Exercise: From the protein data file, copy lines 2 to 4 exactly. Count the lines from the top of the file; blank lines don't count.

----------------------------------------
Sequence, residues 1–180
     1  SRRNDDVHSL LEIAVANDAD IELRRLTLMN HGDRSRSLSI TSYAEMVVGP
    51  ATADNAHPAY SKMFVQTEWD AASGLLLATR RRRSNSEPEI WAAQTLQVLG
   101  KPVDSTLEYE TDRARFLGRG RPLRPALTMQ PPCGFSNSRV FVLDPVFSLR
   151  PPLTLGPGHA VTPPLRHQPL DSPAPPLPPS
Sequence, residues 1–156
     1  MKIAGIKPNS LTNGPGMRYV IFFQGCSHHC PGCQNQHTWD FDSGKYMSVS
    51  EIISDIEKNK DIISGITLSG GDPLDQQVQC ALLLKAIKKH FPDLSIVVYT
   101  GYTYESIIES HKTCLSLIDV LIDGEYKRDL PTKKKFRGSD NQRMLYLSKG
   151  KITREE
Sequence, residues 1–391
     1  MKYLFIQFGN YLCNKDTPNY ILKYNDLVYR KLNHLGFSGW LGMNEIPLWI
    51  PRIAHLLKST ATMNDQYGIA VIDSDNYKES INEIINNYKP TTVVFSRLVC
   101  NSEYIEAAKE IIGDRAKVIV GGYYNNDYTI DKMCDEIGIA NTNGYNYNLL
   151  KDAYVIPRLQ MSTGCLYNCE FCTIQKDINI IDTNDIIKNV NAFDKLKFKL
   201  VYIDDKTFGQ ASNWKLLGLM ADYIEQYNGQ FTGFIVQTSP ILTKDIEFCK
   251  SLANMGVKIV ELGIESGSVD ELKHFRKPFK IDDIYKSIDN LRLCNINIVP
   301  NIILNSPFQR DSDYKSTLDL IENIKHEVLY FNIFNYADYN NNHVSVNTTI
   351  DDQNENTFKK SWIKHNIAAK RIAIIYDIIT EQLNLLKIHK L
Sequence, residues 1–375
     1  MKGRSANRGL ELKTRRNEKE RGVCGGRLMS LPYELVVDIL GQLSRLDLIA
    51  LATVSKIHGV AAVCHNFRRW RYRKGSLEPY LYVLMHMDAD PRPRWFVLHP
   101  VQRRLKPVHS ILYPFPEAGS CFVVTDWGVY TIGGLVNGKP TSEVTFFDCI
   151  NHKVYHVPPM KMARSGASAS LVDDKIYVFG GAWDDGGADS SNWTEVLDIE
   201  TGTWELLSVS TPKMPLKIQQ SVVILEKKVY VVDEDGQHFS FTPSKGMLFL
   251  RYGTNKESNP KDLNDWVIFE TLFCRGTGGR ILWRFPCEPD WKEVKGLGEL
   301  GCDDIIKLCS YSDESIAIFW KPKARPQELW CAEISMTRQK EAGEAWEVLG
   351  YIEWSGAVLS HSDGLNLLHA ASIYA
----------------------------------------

     1  SRRNDDVHSL LEIAVANDAD IELRRLTLMN HGDRSRSLSI TSYAEMVVGP
    51  ATADNAHPAY SKMFVQTEWD AASGLLLATR RRRSNSEPEI WAAQTLQVLG
   101  KPVDSTLEYE TDRARFLGRG RPLRPALTMQ PPCGFSNSRV FVLDPVFSLR